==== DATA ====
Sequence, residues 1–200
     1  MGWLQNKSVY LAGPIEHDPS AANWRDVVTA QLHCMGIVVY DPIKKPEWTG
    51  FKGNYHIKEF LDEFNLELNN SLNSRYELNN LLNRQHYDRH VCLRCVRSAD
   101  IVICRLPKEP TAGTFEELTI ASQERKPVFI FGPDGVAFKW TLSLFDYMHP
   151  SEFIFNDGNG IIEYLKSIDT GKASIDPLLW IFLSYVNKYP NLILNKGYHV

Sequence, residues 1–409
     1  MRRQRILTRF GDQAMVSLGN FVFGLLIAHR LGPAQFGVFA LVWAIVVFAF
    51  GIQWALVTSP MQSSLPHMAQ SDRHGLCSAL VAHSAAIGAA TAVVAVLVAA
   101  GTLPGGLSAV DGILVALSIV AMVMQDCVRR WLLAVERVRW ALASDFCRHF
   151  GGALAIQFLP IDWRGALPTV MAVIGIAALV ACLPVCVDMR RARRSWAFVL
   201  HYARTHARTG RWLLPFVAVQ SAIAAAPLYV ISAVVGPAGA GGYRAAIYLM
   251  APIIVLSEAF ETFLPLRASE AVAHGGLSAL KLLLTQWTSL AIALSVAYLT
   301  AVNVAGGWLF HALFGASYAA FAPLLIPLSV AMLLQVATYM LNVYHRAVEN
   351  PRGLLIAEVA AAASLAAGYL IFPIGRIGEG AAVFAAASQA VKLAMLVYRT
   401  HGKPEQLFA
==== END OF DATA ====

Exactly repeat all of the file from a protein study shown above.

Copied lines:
Sequence, residues 1–200
     1  MGWLQNKSVY LAGPIEHDPS AANWRDVVTA QLHCMGIVVY DPIKKPEWTG
    51  FKGNYHIKEF LDEFNLELNN SLNSRYELNN LLNRQHYDRH VCLRCVRSAD
   101  IVICRLPKEP TAGTFEELTI ASQERKPVFI FGPDGVAFKW TLSLFDYMHP
   151  SEFIFNDGNG IIEYLKSIDT GKASIDPLLW IFLSYVNKYP NLILNKGYHV

Sequence, residues 1–409
     1  MRRQRILTRF GDQAMVSLGN FVFGLLIAHR LGPAQFGVFA LVWAIVVFAF
    51  GIQWALVTSP MQSSLPHMAQ SDRHGLCSAL VAHSAAIGAA TAVVAVLVAA
   101  GTLPGGLSAV DGILVALSIV AMVMQDCVRR WLLAVERVRW ALASDFCRHF
   151  GGALAIQFLP IDWRGALPTV MAVIGIAALV ACLPVCVDMR RARRSWAFVL
   201  HYARTHARTG RWLLPFVAVQ SAIAAAPLYV ISAVVGPAGA GGYRAAIYLM
   251  APIIVLSEAF ETFLPLRASE AVAHGGLSAL KLLLTQWTSL AIALSVAYLT
   301  AVNVAGGWLF HALFGASYAA FAPLLIPLSV AMLLQVATYM LNVYHRAVEN
   351  PRGLLIAEVA AAASLAAGYL IFPIGRIGEG AAVFAAASQA VKLAMLVYRT
   401  HGKPEQLFA